EUR/USD

Forex Analysis EUR/USD | November 10, 2017 | sgtmarkets.com | SGT Markets Forex Broker and CFD

The Washington Post reported that Senate Republican leaders were thinking of postponing the implementation of major corporate tax cuts to comply with Senate rules. Traders are concerned over any potential delays in the implementation of the tax cuts or the possibility that proposed reforms end up being less drastic than hoped for.
On the other hand, demand for the dollar continued to be underpinned by expectations that the Federal Reserve is on track to raise interest rates in December for a third time this year after strong U.S. factory and service sector data last week backed the case for continued policy tightening.

U.S. Job Creation Surges but misses Consensus; U.S. Wage Inflation flat. But it is ok, as hurricane-related disasters have weighed on the labor market over the past two months.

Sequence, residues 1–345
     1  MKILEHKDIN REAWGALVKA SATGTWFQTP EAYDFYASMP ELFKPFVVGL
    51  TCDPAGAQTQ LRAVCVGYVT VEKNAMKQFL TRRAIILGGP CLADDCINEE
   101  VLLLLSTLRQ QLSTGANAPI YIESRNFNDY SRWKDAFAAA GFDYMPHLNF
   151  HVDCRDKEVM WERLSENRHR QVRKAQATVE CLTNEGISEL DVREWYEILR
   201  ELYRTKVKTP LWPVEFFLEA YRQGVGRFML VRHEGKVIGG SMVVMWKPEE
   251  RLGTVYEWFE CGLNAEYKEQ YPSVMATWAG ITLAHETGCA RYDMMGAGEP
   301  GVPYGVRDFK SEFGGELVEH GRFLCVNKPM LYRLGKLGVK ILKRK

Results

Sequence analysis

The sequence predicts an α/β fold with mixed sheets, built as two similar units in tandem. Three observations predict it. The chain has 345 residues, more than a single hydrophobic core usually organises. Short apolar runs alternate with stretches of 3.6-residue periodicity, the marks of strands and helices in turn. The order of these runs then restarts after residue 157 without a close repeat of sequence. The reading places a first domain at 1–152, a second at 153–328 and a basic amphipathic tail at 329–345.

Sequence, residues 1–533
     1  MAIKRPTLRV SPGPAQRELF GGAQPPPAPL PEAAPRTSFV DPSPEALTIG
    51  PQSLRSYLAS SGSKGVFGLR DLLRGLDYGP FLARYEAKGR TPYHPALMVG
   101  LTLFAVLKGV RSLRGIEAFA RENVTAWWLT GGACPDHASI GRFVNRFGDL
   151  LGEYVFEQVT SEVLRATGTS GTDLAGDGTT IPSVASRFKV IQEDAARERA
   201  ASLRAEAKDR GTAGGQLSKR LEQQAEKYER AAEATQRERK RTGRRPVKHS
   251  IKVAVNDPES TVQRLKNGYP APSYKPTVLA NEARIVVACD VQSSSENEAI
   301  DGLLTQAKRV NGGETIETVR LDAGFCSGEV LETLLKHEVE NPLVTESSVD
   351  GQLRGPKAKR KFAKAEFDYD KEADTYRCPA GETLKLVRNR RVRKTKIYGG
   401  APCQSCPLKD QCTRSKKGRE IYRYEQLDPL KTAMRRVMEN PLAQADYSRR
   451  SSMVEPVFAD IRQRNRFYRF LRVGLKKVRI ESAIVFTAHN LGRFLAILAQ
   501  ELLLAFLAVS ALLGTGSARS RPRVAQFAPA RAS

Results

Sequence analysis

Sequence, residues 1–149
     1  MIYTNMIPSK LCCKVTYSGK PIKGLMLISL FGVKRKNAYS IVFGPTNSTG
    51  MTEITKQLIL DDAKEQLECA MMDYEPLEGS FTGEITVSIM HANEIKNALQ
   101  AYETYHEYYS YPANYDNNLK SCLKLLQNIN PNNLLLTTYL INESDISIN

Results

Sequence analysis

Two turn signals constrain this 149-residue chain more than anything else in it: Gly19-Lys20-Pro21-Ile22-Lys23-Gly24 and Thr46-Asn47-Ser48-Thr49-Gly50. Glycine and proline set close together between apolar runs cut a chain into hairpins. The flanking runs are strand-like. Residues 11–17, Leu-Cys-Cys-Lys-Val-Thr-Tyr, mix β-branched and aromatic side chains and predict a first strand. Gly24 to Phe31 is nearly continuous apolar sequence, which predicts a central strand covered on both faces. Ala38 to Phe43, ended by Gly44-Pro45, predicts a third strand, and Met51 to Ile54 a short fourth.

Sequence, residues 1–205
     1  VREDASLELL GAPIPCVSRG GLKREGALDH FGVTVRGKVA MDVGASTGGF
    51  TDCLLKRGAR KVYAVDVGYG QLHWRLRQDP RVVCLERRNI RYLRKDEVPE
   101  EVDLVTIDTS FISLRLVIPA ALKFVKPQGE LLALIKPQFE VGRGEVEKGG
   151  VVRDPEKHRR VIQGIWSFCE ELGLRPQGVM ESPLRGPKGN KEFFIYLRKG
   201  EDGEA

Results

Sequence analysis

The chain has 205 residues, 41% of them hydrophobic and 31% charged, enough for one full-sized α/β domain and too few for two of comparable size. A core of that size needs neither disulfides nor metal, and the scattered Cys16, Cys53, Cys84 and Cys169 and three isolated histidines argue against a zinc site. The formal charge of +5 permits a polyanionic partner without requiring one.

FOMC statement mentioned “solid” growth but soft inflation, leaving doors open for a December hike.

On the other hand, on the dollar weighed President Donald Trump’s decision on the next chair of the Federal Reserve, Russiagate and tax-reform bill.

1.1655 Supply area is pushing prices down again. Eyes on consolidation around 1.159 Demand area.

Our special Fibo Retracement is confirming the following S/R levels against the Monthly and Weekly Trendlines obtained by connecting the relevant highs and lows back to 2012:

Weekly Trend: Neutral
1st Resistance: 1.1655
2nd Resistance: 1.1756
1st Support: 1.1590
2nd Support: 1.1524

 

EUR

Recent Facts:

30th of June, German Unemployment Change + Eurozone CPI
German Unemployment Change Better than Expected, Eurozone CPI higher than Expected

3rd of July, German Manufacturing PMI
Better than Expected

5th of July, French Services PMI + German Services PMI + Eurozone Retail Sales
Better than Expected

18th of July, German ZEW Economic Sentiment
Worse than Expected

24th of July, German Manufacturing PMI + Eurozone Manufacturing PMI + Eurozone Services PMI